The European Go Congress was held at Bonn, Germany from July 21 to August 5. Among the over 600 participating players, three 7-dan visitors from Korea stood out. In the 10-round main tournament, Song Jun-Hyup finished first (undefeated), Kim Young-Sam second (losing only to Song), and Ryu Seung-Hee fourth (she lost only to Song, Kim, and Germany’s Zhao Pei). In the five-round weekend tournament, Song finished first (again undefeated), Kim second, and Ryu fifth. Song also won the six-round rapid tournament and the 13 x 13 tournament, and Kim won the lightning tournament, while Ryu took third place in the rapid and second place in the lightning event. In addition, Song and Ryu teamed with Korean 5-dan Choi Woon-Sub to win the rengo tournament.
But that is not the whole story. There were two team tournaments: the Pandanet team tournament, which the Russian team of Ilya Shikshin, Alexander Dinerchstein, Dimitri Surin, Oleg Mezhov, and Alexei Lazarev won by edging out the Czech team of Ondrej Silt, Jan Simara, Jan Prokop, Jan Hora, and Lukas Podpera on tie-breaking points; and the Itemis team tournament, won by a Polish team led by Mateusz Surma. And there were two pair tournaments: an open tournament won by German 4-dan Manja Marz and Chang Huai-Yi, a 3-dan pro from Taipei; and a handicap tournament won by Russians Marina Popova and Alexey Kholomkin.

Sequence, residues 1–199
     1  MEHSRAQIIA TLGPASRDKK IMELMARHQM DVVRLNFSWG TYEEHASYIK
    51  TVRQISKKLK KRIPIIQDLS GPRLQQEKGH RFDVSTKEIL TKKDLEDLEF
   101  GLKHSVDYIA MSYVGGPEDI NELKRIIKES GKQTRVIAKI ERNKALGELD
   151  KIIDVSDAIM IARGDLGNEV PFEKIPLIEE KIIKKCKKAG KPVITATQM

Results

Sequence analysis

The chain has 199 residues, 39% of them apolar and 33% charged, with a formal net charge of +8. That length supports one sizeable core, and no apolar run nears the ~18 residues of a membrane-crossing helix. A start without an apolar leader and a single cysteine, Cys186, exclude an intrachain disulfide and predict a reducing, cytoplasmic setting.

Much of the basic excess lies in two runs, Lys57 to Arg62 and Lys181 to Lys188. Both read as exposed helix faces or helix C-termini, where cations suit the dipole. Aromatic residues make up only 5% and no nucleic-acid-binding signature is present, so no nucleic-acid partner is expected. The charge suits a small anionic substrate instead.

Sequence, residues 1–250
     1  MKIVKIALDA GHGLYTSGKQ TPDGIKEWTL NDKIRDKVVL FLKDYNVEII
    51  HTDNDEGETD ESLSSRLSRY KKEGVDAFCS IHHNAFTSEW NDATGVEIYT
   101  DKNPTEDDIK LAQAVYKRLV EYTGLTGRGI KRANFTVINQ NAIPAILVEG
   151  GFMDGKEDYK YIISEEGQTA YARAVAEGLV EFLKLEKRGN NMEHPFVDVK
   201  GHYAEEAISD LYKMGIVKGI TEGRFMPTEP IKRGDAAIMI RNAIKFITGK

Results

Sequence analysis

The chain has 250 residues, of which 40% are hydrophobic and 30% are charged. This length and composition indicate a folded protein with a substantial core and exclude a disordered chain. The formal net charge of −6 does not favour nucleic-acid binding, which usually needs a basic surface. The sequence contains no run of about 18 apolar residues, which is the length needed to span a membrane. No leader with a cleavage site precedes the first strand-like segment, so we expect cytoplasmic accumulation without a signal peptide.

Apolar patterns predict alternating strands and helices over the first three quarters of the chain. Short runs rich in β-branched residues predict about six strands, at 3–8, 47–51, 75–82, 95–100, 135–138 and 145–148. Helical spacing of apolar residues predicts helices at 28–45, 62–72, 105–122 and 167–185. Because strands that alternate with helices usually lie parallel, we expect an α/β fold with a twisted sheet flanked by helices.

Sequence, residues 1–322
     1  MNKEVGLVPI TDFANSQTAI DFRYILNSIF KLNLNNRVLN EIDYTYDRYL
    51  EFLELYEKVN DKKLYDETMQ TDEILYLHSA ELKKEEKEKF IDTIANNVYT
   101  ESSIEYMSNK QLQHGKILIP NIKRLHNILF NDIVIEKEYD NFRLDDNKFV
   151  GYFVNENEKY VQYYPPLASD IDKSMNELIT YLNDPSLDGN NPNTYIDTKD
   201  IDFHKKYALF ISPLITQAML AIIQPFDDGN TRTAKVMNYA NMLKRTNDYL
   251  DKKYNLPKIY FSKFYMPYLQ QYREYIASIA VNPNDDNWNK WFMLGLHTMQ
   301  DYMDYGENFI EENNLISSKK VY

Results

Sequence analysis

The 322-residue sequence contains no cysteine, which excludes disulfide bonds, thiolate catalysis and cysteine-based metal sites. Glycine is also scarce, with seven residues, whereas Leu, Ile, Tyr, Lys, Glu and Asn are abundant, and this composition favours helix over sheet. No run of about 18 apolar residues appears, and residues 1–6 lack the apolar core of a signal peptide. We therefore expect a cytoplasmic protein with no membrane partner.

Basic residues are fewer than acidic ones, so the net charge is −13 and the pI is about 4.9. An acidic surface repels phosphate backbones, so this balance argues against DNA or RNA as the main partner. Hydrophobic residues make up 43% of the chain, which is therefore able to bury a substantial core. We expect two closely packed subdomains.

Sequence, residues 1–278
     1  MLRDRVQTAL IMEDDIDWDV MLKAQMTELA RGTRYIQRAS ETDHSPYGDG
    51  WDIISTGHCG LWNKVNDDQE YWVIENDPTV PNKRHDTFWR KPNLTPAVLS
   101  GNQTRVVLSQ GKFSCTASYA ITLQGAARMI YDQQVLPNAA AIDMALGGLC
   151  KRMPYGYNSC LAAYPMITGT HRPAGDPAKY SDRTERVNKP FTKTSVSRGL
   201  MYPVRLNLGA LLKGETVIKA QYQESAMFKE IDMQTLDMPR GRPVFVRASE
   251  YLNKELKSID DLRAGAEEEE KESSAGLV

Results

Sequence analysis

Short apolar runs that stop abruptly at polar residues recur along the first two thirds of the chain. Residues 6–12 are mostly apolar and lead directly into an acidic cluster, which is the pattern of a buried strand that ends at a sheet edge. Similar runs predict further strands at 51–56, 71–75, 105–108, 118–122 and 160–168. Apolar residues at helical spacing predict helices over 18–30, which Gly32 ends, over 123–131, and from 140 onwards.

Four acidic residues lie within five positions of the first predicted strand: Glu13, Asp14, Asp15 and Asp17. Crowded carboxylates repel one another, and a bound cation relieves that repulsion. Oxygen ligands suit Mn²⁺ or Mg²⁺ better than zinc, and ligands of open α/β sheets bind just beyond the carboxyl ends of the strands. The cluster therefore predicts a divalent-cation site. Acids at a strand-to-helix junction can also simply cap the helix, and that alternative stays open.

Returning to individual competition, German 4-dan Jonas Welticke won the handicap tournament and the Sanjang Baduk tournament (go with traditional Korean rules), and German-Canadian 4-dan Oliver Wolf (age 13) won the youth and children’s tournament.
In man-machine competition, Romanian 5-dan pro Catalin Taranu gave Crazy Stone a four-stone handicap on a 19 x 19 board, winning one game and losing another, while Japanese 6-dan amateur Noguchi Motoki, playing even against Zen, split two games on a 13 x 13 board and lost twice on a 9 x 9 board.
Throughout the congress, Catalin and a host of professional attendees from the Far East, including the legendary Chinese star Nie Weiping, were busy giving lessons and lectures and commenting on games. But that is still not the whole story.
For top European players, the most important event of all was the European Championship, a three-round playoff among the eight European players with the best scores at the end of the seventh round of the main tournament. The eight qualifiers were Ilya Shikshin (Russia), Cornel Burzo (Romania), Ondrej Silt (Czechia), Thomas Debarre (France), Antti Tormanen (Finland), Pavol Lisy (Slovakia), Jan Simara (Czechia), and Mateusz Surma (Poland). Thomas, Pavol, and Mateusz are still in their teens, and Ilya and Antti are in their early twenties, but youth did not prevail. The winner was Jan Simara, who defeated last year’s champion Ilya Shikshin in the final game after having lost to him in the seventh round of the main tournament. Pavol Lisy beat Thomas Debarre in the playoff for third place.